Addiction – Who’s to blame?

11 May

I have worked with many people with varying addictions from smoking to food to marijuana. What seems apparent in them all is their sense of guilt and shame for their addiction, and their distinct lack of understanding of the biological processes involved.

Despite popular opinion, people with addictions are not ‘weak-willed’, ‘lazy’ or ‘stubborn’. The addiction is NOT their fault. They are struggling against their own natural instincts to survive. Imagine someone telling you that water is bad for you and that you can never drink again. This is essentially how the body views nicotine and other addictive substances. It feels under threat of survival. Let me explain with an example.

What happens when we need to eat? When the body realises that food levels are low, it releases the hormone dopamine to motivate us to find the resources we need e.g. food. Once we have eaten and satisfied our need, the brain then releases more dopamine to reward us (so we will repeat the action later). More importantly, the dopamine also sends a message to the decision-making part of the brain (the pre-frontal cortex) to say that we have had something really important for our survival. The pre-frontal cortex responds by sending a message down the limbic system to say,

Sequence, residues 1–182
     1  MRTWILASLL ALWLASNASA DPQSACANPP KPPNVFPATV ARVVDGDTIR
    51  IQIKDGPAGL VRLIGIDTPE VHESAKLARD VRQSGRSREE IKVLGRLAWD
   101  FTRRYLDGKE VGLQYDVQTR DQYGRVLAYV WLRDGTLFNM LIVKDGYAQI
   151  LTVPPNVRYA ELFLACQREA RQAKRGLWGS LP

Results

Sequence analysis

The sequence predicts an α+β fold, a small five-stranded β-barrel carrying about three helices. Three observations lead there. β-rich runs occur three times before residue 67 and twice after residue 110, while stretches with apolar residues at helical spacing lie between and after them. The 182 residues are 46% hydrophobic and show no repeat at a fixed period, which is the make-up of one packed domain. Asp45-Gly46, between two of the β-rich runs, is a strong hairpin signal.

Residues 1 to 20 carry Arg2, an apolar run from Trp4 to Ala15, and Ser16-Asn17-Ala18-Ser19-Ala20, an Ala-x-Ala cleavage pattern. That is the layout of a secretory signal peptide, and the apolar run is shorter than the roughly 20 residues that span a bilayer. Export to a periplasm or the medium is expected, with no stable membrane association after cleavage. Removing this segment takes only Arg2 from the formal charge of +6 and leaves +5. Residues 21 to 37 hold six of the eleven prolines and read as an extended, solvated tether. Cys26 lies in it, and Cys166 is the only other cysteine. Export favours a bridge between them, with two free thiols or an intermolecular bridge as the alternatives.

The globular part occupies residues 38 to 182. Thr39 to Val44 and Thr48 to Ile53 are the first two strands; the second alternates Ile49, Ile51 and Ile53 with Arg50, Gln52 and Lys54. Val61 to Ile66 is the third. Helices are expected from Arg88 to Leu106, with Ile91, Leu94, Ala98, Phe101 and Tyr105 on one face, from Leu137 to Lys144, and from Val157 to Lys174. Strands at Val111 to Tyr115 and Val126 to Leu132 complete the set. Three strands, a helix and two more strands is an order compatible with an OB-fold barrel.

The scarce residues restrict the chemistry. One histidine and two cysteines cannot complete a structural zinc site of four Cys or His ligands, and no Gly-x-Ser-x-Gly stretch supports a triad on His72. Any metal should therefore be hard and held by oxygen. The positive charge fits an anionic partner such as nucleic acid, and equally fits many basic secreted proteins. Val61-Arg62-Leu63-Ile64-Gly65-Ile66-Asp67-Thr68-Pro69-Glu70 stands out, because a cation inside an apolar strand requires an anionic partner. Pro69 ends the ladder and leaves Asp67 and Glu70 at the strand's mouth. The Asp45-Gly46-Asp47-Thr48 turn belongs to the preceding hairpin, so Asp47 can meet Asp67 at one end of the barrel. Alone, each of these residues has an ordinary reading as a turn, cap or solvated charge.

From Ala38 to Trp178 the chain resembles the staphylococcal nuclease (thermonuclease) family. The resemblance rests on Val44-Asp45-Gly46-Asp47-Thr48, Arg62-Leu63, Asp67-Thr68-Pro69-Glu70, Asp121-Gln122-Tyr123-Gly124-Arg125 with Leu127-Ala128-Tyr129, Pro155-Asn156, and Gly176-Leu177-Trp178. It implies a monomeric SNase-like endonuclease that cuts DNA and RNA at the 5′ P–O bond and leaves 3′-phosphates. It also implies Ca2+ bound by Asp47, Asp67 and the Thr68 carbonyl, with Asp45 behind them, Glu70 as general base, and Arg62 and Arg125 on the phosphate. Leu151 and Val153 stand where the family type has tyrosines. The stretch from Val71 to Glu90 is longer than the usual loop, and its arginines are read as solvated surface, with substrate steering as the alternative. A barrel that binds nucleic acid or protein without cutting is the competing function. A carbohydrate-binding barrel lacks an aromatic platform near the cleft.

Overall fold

‘This was really important for our survival and gave us a really good reward. Remember this’.

The brain then takes a snapshot of all the environmental and emotional cues so that the next time we are hungry it can search the memory bank to see how to meet that need.

Now, let’s replace ‘food’ in this scenario for nicotine (or other addictions), and that is exactly what is happening in the body. What happens when the body realises nicotine levels are low? The very same process. It releases dopamine to motivate you to find nicotine. It searches the memory banks to see where the best and most rewarding hits for nicotine where and ramps up the cravings until you satisfy the need. Addictions hijack this system because the body believes it is essential for survival. When you try to quit, alarm bells go off and the body increases the motivation for the nicotine (or other addiction), as it feels its very survival is under threat.

So what does this mean?

Addiction, in whatever guise, is a complex issue. We cannot simply blame the person for a lack of will-power. Whatever means you use by which to quit, you also need to re-programme your brain. Hypnotherapy is the best way to do this.

Reference-Simmons, C., (2014) ‘Smoking Cessation’ in A., Jaloba & F., Nicolson (Eds), (2014) The Hypnotherapy Handbook, Sheffield: Helping Handbooks Publishing.

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